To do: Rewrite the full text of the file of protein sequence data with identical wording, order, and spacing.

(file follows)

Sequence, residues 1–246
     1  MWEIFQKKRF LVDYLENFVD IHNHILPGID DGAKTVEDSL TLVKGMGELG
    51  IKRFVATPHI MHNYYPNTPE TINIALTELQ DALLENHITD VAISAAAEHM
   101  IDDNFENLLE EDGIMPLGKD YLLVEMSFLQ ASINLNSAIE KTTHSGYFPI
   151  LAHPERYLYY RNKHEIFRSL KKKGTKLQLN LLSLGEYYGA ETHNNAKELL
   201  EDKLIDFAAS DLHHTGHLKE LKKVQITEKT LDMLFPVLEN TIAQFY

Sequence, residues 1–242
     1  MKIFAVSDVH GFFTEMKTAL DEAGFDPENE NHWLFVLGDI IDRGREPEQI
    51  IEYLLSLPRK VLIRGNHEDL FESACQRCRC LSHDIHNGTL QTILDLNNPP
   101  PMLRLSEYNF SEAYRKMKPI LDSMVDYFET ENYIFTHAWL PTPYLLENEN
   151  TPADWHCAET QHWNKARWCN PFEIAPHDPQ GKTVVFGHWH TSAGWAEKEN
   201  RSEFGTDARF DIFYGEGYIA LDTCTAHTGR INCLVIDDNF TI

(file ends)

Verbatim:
Sequence, residues 1–246
     1  MWEIFQKKRF LVDYLENFVD IHNHILPGID DGAKTVEDSL TLVKGMGELG
    51  IKRFVATPHI MHNYYPNTPE TINIALTELQ DALLENHITD VAISAAAEHM
   101  IDDNFENLLE EDGIMPLGKD YLLVEMSFLQ ASINLNSAIE KTTHSGYFPI
   151  LAHPERYLYY RNKHEIFRSL KKKGTKLQLN LLSLGEYYGA ETHNNAKELL
   201  EDKLIDFAAS DLHHTGHLKE LKKVQITEKT LDMLFPVLEN TIAQFY

Sequence, residues 1–242
     1  MKIFAVSDVH GFFTEMKTAL DEAGFDPENE NHWLFVLGDI IDRGREPEQI
    51  IEYLLSLPRK VLIRGNHEDL FESACQRCRC LSHDIHNGTL QTILDLNNPP
   101  PMLRLSEYNF SEAYRKMKPI LDSMVDYFET ENYIFTHAWL PTPYLLENEN
   151  TPADWHCAET QHWNKARWCN PFEIAPHDPQ GKTVVFGHWH TSAGWAEKEN
   201  RSEFGTDARF DIFYGEGYIA LDTCTAHTGR INCLVIDDNF TI